Feds investigate 7 schools over allegations of antisemitism, Islamophobia—including 3 Ivy League colleges

Must read

Buyers of EVs with batteries from China get dinged under new Biden administration rules for tax credits

The government proposed new rules Friday that could make it harder for electric vehicles to qualify for a full $7,500 federal tax credit, complicating...

Even the U.S. president’s return-to-office push is being ignored by workers: ‘They aren’t coming back’

Plenty of CEOs have been fuming about workers ignoring return-to-office mandates. At some companies, including Amazon, managers now have the green light to fire...

Jerome Powell dispels Wall Street’s dream of near-term interest rate cuts by arguing it would be ‘premature’ while leaving the door open to more...

Federal Reserve Chair Jerome Powell pushed back against Wall Street’s growing expectations of interest-rate cuts in the first half of 2024, saying the committee...

Rep. George Santos becomes only the 6th Congress member in U.S. history to be expelled from his job by colleagues

The House voted on Friday to expel Republican Rep. George Santos of New York after a critical ethics report on his conduct that accused...

The federal government has opened civil rights investigations into seven schools and universities over allegations of antisemitism or Islamophobia since the outbreak of the Israel-Hamas war.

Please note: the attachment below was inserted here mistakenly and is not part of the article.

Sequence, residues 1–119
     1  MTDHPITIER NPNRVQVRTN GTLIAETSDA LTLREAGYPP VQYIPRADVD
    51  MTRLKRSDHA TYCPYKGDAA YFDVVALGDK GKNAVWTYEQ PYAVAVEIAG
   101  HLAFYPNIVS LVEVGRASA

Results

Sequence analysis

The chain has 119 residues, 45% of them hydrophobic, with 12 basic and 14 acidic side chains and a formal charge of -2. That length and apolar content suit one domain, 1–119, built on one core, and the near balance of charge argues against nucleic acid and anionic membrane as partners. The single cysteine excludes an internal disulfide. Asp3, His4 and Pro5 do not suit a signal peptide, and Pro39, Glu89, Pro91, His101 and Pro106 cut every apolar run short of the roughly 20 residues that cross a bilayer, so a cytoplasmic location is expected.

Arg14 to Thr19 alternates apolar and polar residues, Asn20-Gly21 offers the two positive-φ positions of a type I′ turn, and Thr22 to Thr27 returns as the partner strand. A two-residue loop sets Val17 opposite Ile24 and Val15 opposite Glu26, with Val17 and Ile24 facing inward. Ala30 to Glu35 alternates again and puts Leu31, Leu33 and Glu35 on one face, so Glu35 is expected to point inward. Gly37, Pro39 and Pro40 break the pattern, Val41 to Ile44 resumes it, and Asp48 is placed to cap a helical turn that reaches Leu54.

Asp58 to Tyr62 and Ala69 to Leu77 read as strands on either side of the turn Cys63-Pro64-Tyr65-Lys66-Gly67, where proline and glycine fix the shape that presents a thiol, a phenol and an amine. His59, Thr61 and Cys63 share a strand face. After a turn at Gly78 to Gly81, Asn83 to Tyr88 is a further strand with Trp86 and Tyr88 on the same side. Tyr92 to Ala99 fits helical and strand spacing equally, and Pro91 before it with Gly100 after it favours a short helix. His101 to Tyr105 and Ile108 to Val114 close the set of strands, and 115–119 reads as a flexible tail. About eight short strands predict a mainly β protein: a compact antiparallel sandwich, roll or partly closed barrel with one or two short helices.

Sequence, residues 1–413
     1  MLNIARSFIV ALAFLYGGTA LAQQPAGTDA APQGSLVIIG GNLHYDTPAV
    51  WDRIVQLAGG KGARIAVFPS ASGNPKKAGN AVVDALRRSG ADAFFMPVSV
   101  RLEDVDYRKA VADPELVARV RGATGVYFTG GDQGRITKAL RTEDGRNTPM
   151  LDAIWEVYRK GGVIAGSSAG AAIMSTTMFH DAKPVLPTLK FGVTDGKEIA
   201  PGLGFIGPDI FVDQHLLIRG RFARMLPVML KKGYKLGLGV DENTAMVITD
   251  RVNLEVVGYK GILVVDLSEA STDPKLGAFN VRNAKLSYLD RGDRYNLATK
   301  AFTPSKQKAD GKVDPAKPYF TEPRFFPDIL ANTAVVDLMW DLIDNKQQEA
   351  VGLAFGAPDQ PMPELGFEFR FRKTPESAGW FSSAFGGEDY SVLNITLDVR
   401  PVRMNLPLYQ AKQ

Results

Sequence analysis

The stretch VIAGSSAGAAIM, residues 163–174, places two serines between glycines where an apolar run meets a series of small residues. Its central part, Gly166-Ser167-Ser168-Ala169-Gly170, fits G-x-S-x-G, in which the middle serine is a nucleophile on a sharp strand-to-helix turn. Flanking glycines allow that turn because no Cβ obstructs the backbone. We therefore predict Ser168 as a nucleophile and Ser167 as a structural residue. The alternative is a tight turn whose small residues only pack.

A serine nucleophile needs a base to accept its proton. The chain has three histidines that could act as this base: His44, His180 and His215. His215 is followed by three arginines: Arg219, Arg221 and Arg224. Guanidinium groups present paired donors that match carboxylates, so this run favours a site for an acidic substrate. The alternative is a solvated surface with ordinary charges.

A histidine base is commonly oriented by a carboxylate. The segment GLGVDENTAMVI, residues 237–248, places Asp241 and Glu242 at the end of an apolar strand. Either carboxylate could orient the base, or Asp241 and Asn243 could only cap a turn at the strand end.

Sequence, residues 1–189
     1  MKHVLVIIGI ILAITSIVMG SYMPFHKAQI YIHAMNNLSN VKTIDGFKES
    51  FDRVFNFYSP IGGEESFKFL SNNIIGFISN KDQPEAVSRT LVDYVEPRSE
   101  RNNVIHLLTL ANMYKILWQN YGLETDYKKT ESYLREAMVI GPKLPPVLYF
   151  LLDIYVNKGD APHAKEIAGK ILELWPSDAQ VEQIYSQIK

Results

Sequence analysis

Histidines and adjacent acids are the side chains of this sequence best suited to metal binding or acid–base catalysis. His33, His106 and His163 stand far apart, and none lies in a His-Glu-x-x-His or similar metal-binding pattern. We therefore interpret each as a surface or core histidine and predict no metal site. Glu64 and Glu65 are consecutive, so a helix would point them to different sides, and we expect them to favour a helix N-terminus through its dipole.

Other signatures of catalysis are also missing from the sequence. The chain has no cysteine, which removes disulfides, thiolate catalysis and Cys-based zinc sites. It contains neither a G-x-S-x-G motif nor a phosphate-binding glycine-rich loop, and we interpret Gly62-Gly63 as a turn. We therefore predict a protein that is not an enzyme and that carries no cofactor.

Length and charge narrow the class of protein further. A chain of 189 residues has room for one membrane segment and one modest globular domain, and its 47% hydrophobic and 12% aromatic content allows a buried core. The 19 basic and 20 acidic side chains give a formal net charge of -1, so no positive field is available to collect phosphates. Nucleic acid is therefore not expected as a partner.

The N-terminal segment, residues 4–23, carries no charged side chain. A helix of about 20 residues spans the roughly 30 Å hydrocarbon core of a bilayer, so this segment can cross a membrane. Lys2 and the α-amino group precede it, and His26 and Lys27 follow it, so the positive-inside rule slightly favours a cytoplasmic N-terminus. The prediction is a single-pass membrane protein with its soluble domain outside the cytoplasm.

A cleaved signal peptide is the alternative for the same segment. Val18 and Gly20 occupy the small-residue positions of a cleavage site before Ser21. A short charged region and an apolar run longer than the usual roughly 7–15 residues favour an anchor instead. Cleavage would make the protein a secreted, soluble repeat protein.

The list includes three Ivy League institutions — Columbia, Cornell and the University of Pennsylvania — along with Wellesley College in Massachusetts, Lafayette College in Pennsylvania and Cooper Union for the Advancement of Science and Art in New York. It also includes one K-12 system, the Maize Unified School District in Kansas.

The Education Department announced the inquiries on Thursday, calling it part of the Biden administration’s effort to take “aggressive action” against discrimination. Schools found to have violated civil rights law can face penalties up to a total loss of federal money, although the vast majority of cases end in voluntary settlements.

Schools have a legal duty to act “when students are targeted because they are — or are perceived to be — Jewish, Muslim, Arab, Sikh or any other ethnicity or shared ancestry,” Education Secretary Miguel Cardona said in a written statement.

Five of the investigations are in response to allegations of antisemitic harassment, while two are in response to allegations of anti-Muslim harassment, the department said. The agency did not disclose which schools faced which accusations. Details about individual complaints were not released.

Most schools either declined to speak on the investigations or did not immediately respond to requests for comment.

Officials at Lafayette said it was unclear to them why their school was being investigated.

“The College maintains a firm stance against antisemitism, Islamophobia, and hate speech of any kind. The College is cooperating and will continue to cooperate fully with the DOE in their investigation,” the college said in a written statement.

The schools are being investigated for possible discrimination based on shared ancestry or ethnic characteristics, which violates the Civil Rights Act of 1964. The federal law requires schools to protect students from discrimination and respond to harassment that creates a hostile environment. Anyone can file a complaint alleging such discrimination.